Book draws on a Cork activist’s life

Graphic book is an account of social activism in Cork city
Book draws on a Cork activist’s life

Orla Egan and Megan Luddy O'Leary at the launch of their book 'Diary of an Activist' in the Cork City Library recently. Picture: Howard Crowdy

DIARY Of An Activist, a recently-launched publication from Cork City Library, is an intergenerational collaboration between activist and writer Orla Egan and artist Megan Luddy O’Leary.

This gorgeous book traces the journey of a Cork social activist through vegetarianism, peace and anti-nuclear protests, feminism, coming out, lesbian parties, and becoming a parent.

It features Cork locations like Quay Co-op, Loafer’s and Fitzgerald’s Park and Senior Executive Librarian Patricia Looney describes it as ‘a wonderful social history of the 80’s that will appeal across the generations’.

Orla tells The Echo the idea for the book has been with her for some time.

“I was inspired by the work of Alison Bechdel and loved the idea of a Cork social activism graphic memoir,” she says.

“For me this always was a graphic book - I wanted to use a combination of words and images to show the rich history of social activisms in Cork from the 1970s onwards. I wanted to show what that world looked like. I wanted to show the posters, the badges, the Gerstner machines and how we made a newspaper – to show how we communicated and campaigned in a time before easy access to telephones, computers and social media.

“There was one major problem – I can’t really draw. Megan Luddy O’Leary has made this book look absolutely beautiful – she took my stories and bad sketches and turned them into multiple works of art.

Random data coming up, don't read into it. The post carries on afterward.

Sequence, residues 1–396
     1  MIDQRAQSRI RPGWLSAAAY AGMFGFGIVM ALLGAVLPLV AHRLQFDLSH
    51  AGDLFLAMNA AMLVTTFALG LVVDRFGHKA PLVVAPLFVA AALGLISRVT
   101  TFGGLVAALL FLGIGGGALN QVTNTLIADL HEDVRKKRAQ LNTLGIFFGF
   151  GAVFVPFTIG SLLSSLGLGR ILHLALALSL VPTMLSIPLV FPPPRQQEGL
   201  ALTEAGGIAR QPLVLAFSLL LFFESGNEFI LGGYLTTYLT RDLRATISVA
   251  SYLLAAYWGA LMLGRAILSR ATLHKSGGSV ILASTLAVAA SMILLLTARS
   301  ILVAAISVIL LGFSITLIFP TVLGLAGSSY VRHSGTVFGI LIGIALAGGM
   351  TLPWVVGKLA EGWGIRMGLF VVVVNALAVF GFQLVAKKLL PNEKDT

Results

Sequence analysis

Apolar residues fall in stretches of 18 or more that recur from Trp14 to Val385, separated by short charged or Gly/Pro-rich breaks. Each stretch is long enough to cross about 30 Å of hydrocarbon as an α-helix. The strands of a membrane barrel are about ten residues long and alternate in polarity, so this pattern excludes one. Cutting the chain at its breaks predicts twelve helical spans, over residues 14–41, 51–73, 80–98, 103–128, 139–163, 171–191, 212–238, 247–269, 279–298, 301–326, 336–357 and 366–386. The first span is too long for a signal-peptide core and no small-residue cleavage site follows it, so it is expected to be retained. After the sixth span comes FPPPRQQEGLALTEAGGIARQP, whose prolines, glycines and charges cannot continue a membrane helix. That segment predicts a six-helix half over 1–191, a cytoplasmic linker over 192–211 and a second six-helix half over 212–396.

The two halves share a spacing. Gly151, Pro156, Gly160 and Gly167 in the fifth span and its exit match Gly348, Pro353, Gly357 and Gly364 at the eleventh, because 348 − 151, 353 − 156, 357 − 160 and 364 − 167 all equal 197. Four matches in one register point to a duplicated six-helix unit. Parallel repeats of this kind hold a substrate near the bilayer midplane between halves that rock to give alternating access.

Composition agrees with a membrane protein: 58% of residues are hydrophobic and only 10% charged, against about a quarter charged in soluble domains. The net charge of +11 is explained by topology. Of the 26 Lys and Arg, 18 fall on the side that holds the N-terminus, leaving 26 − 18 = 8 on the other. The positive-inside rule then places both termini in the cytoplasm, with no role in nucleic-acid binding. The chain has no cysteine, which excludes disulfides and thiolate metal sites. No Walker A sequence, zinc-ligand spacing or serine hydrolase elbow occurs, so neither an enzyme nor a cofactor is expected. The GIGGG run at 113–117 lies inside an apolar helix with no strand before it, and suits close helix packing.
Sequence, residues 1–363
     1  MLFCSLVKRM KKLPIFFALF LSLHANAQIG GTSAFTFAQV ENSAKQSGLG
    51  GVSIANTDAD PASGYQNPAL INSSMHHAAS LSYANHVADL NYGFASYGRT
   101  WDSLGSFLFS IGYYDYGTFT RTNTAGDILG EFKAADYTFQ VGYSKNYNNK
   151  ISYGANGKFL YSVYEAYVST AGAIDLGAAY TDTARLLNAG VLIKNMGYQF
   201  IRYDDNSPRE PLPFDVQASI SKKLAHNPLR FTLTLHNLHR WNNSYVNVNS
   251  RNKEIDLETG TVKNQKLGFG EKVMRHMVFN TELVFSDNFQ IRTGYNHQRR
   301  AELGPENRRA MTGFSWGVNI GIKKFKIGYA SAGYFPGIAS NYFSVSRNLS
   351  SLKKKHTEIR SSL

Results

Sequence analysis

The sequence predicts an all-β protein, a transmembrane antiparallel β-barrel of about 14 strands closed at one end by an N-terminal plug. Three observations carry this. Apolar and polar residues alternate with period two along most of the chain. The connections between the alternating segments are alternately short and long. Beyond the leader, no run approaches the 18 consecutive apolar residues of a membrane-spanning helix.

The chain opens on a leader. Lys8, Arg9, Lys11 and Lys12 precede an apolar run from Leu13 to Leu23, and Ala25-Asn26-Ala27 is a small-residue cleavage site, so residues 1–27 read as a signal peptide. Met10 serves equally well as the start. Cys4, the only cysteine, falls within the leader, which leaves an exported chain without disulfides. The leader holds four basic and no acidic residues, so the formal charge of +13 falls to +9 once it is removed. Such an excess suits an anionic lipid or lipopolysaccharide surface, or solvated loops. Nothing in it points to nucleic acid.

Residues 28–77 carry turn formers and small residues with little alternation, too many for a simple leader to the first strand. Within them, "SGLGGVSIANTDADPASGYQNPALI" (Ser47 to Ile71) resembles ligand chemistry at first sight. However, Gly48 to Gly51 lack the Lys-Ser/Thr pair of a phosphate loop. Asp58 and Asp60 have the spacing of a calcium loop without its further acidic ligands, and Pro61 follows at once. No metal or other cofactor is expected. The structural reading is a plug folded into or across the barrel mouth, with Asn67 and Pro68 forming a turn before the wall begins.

“I was so lucky to meet the amazingly talented Megan and even more lucky that she agreed to collaborate with me on creating this book. It was very much a collaboration and this book is a co-creation. I don’t think either of us had any idea how much work would go in to making it happen.”

Orla is the founder and director of the Cork LGBT Archive, and the author of Queer Republic of Cork, which traces the history of Cork’s lesbian, gay, bisexual and transgender communities from the 1970s-1990s.

“While Diary of an Activist is more personal, it does link with other work I do in preserving and sharing the rich history of social activism and the LGBT community in Cork,” she says. “For me this book is about social activism – it is about vegetarianism, anti-nuclear and CND protests, feminism, lesbian activism and lesbian parties, history, archives – it is about remembering places like the Quay Co-op (as it was in the 1980s) and Loafers Bar.

“I use my story as a hook to tell these important stories of activism. I wanted to show what activism was like without easy access to telephones, computers or social media.”

Orla Hopes Diary of an Activist will resonate with a wide range of people across the generations.

“I hope it is meaningful for activists of my generation – many of whom will see themselves and the campaigns they were involved in reflected in the pages of the book,” she says. “But I also hope that it resonates with younger activists, those who are busy fighting climate change, transphobia, those activists who brought us marriage equality and repeal the 8th.

“I try to make connections between those current campaigns and the decades of activism that preceded them. So yes, I would love if the book was an inspiration for the next generation of activists. Of course many activists of my generation are still activists on a range of issues – we haven’t hung up our doc martins yet!”

  • Diary of an Activist, published Cork City Library, is available to buy online at, where you can also arrange for it to be posted as a Christmas present.

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